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 | By Alison Blanchet

How will you grow in 2024?

I am an adult, and I have done hard things. I have helped a second grader with math homework, driven to a destination before GPS and installed a car seat without directions — if you know, you know. Yet I have never kept a plant alive for more than a couple weeks since a very durable bamboo shoot I had in college that, in hindsight, might have been plastic.

It wasn’t because I haven’t tried. I optimistically bring potted plants home, water them and then find them wilted a week later when I remembered they were there. Like many, I planted several rows of seeds as a way to keep my kiddos occupied during the pandemic. The seeds sprouted and were then trampled when attention shifted from gardening to soccer.

This year I felt it was time to try again and decided to attempt growing a few herbs in pots on the porch. However, this time an internet search offered insight into my problematic planting history. All plants need water — but apparently not in the same way! Some prefer total saturation every few weeks. Some prefer consistently moist soil. Others even prefer “drought-like conditions.” There are such things as self-watering pots, and the internet said to be mindful of how much perlite (volcanic glass with a high water content) was in the soil.

I realized my prior strategy of pouring water everywhere when I happened to remember I had plants was probably the reason my greenery never stayed that way.

And, all too often, I take the same approach to my spiritual growth as I did to gardening — just hoping I remember, and then it all works out. As I prepare for a new year I’m reflecting that the same way I had to learn the different ways to care for the rosemary, basil, mint and thyme — the ones that haven’t died yet on the porch (thanks, direct sunlight!) — I can identify where I hope to grow in my relationship with God and plan accordingly.

In counseling we encourage clients to make SMART goals, and I think these offer great guidance for the spiritual life as well. SMART is an acronym that stands for Specific, Measurable, Attainable, Relevant and Time-bound.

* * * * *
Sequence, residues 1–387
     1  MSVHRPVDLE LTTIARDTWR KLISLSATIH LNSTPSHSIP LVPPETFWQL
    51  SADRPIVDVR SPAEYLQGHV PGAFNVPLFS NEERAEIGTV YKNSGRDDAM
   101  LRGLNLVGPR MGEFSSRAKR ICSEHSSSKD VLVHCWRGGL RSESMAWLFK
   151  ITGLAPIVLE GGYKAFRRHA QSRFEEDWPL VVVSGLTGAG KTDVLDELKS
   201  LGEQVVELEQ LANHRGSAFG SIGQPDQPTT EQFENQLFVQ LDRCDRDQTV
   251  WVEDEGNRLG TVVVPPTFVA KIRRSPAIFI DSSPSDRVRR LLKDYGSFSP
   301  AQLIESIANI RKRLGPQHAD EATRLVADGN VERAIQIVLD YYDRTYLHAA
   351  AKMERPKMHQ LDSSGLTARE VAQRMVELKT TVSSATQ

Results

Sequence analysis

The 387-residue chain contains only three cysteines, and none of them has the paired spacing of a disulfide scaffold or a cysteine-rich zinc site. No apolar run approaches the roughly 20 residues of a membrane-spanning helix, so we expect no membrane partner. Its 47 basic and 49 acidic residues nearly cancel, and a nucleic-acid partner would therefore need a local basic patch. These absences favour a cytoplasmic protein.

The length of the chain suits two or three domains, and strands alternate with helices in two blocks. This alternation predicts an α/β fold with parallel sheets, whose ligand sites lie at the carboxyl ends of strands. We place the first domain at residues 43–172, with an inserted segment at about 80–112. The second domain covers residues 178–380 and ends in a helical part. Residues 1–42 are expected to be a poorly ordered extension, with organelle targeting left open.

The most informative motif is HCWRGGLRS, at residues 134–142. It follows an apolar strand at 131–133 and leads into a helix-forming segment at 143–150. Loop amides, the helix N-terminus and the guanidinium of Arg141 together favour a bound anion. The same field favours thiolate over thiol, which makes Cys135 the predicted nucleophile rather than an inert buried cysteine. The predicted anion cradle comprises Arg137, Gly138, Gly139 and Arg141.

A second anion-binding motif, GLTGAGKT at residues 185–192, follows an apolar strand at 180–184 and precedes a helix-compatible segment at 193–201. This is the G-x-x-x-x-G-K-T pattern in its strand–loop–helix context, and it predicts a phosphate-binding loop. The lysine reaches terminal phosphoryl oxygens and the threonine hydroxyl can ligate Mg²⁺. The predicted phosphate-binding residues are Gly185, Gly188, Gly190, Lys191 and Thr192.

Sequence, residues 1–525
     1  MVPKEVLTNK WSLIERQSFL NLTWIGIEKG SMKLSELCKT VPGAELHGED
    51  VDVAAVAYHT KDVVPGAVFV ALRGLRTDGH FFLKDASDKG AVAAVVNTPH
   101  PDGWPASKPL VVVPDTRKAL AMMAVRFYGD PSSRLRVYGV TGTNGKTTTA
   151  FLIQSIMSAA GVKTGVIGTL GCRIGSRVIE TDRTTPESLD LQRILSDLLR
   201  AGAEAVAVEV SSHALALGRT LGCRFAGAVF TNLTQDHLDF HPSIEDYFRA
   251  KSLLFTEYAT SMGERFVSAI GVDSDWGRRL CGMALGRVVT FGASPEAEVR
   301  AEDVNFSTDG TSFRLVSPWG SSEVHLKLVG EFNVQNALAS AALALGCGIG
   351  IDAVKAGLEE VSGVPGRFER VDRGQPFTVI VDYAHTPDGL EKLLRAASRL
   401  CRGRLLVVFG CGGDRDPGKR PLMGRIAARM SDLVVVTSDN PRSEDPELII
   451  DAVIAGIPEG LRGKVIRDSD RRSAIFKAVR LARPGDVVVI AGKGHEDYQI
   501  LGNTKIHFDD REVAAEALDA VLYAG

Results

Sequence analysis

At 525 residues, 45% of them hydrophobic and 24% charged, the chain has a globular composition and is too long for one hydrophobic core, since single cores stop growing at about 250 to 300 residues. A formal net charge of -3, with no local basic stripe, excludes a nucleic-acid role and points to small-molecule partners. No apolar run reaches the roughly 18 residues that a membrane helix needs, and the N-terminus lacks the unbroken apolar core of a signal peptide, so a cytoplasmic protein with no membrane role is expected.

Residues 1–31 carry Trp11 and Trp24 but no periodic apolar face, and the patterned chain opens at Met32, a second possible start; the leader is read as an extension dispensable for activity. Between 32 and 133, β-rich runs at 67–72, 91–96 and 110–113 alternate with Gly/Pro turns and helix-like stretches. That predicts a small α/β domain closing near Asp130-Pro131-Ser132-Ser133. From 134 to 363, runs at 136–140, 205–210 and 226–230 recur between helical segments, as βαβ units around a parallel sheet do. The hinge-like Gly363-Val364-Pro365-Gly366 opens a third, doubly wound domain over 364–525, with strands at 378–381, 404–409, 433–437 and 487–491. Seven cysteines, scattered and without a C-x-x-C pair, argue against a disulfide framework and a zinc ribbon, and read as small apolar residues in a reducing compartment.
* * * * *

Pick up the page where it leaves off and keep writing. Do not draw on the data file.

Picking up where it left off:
Goals are specific when we identify what we hope to accomplish. A vague goal to “pray more” could be made specific by saying, “I will pray a decade of the rosary.” This goal could be measurable by assigning a time to it — like every day of the week, three times a week or every work day; an actual amount to accomplish beyond saying “more.” An attainable goal should be reasonable for the person setting it. An attainable goal for a religious sister or brother might be to pray 20 decades each day, an attainable goal for a mom of a toddler might be to pray 20 decades in two months.

Goals are relevant when they help us grow in ways that are important to us. For example, maybe in reading the above paragraph you thought, “I already pray the rosary every day, but I really want to read my Bible more.” So a relevant goal would be, “I’ll read one chapter of the Bible every morning before breakfast.”

Finally, it’s good for goals to be time bound. I find a month is often a good start. This isn’t to say that in a month the prayer stops, rather the goal can be examined after a month. We might conclude, “This is working well. I’m going to read two chapters this month,” or reflect, “This habit of prayer is helping me to feel more peace. I’m going to continue this exactly as I’ve done for another month.” Time-bound goals have often kept me from giving up too quickly — a commitment to just a month helps me get past the initial discomfort of a new experience. 

The new year is a great opportunity to set goals in our spiritual life, but the best progress happens when we consider what we need most and make a plan to accomplish it.

Alison Blanchet lives in Panama City with her husband and three children. She works as a therapist for children and teens. Email her at